DREVO Calibur Wireless Mechanical Keyboard REVIEW

It’s always a bit tricky when you make the decision to add a mechanical keyboard to your set-up. What brand do you get? What size do you look for? What switches should you invest in? I’ve been researching and testing mechanical keyboards for the past couple of years now and seem to find pluses and minuses in every type I try. So, this time, I sought one out that would fit with my desk set-up. I ended up with the Calibur Wireless Mechanical Keyboard by DREVO. This special keyboard is actually designed more for everyday computer use and not specifically for gaming.

DETAILS

The Calibur is a compact keyboard with a 71-key layout. The RGB backlighting is customizable through some preset programs built into the keyboard (snake marquee, reactive mode, advanced reactive mode, breathing mode, wave mode, ripple mode, and aurora mode). The keyboard is built with true NKRO to prevent key ghosting and high-quality keycaps that will stay clean no matter how much you use the keyboard. The keyboard is packaged with keycap puller, a sticker, and a manual.

SPECS

  • Length x Width x Height: 348mm x 101mm x 36mm
  • Weight: 600g
  • Keycap Material: ABS (Calibur 71 and Calibur 72 black), PBT (Calibur 72 white)
  • Switch Specs:
  • Black — Operation Force 80gf; Total travel: 4.00mm Pretravel: 2.20mm
  • Blue — Operation Force 60gf Tactile force: 60gf; Total travel: 4.00mm Pretravel: 2.20mm
  • Brown — Operation Force 60gf Tactile force: 55gf; Total travel: 4.00mm Pretravel: 2.20mm
  • Red — Operation Force 60gf; Total travel: 4.00mm Pretravel: 2.20mm

USER EXPERIENCE

When I first took the keyboard out of the box, I was surprised how lightweight, but sturdy it felt. It was very easy to hold the keyboard and carry it around, which is a nice change of pace from more mechanical keyboards I’ve tried. Many of them have heavy metal frames and are not so easy to move around. I was also impressed with the USB charging that was provided. Not only was the cable nice and long, but it was also braided, which means it’s more durable than standard silicone wrapped ones.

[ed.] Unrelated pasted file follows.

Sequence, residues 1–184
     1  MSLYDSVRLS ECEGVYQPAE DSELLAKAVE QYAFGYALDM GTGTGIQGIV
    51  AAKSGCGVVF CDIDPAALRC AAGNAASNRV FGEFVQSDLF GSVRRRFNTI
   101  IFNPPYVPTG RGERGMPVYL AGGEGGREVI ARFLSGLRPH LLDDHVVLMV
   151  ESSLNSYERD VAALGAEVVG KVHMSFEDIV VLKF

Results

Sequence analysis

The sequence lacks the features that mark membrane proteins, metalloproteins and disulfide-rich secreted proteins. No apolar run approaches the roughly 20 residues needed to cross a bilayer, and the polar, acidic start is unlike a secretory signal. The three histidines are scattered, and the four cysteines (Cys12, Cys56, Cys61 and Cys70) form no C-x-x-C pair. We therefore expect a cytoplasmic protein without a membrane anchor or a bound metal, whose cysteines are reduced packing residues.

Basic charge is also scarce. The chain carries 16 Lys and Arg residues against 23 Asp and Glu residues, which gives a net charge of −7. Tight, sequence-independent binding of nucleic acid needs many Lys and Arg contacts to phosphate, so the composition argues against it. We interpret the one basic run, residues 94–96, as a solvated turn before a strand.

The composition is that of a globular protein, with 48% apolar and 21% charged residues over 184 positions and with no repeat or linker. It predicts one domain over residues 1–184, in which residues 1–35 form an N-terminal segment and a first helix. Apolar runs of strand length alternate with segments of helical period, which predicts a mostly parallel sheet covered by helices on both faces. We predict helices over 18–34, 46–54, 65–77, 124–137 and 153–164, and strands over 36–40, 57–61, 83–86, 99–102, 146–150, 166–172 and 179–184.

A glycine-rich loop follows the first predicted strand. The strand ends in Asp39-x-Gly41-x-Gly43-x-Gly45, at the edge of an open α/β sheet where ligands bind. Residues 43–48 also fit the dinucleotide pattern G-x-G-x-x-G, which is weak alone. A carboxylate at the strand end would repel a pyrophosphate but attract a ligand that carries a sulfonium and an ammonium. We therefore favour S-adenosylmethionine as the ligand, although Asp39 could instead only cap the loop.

To get started with the Calibur, you first have to make sure the keyboard is charged and then you flip the Bluetooth switch on the bottom of it. This tiny switch sends the keyboard into Bluetooth mode and makes it possible for you to pair it with your computer or other Bluetooth devices. Once the switch is in the ‘on’ position, you will then press + hold the FN key and Q, W, or E. Once the Bluetooth light begins to blink rapidly, you can let go and select “DREVO KEYBOARD” from your Bluetooth menu on your device. This process completes the pairing function of the keyboard. You can actually have three devices paired with this keyboard at one time. Each of those devices is assigned to Q, W, or E.

Typing with the Calibur has been pretty enjoyable. I’m used to mainly typing using my Apple keyboard or the MacBook Pro’s keyboard. So, the hearty feeling of this mechanical keyboard is much different than what I’m used to. I ended up having the Calibur with blue switches which are nice for all-around use. I didn’t have any issues with responsiveness but since the keys require a bit more force to depress, I did find that typing took me a little longer than normal. I really love the size of this particular keyboard for my desk set-up. I try to keep my desk clutter-free but love the look of an RGB mechanical keyboard on it. So, having the wireless, compact Calibur set on my desk looks absolutely stunning. I have used larger keyboards like the Apex M800 from SteelSeries and while the feel of the keys is nice, the size of that keyboard is enormous — especially when you are trying to keep items to a minimum on your desk.

Battery life has been pretty decent. I would estimate it to be around 5 hours of continuous use. I have used it for writing for at least that long in one sitting and didn’t need to plug it in. As for the lighting effects, I found the backlight to be sufficiently bright. You can access the different color modes by pressing FN + INS to cycle through them. You do have the ability to program your own effects into the keyboard and Drevo even includes a piece of software (for Windows only) to remap the keys and assign it a macro.

CONCLUSION

For more information, visit drevo.net.
Find DREVO on Facebook and Twitter.

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Originally published at macsources.com on August 3, 2018.

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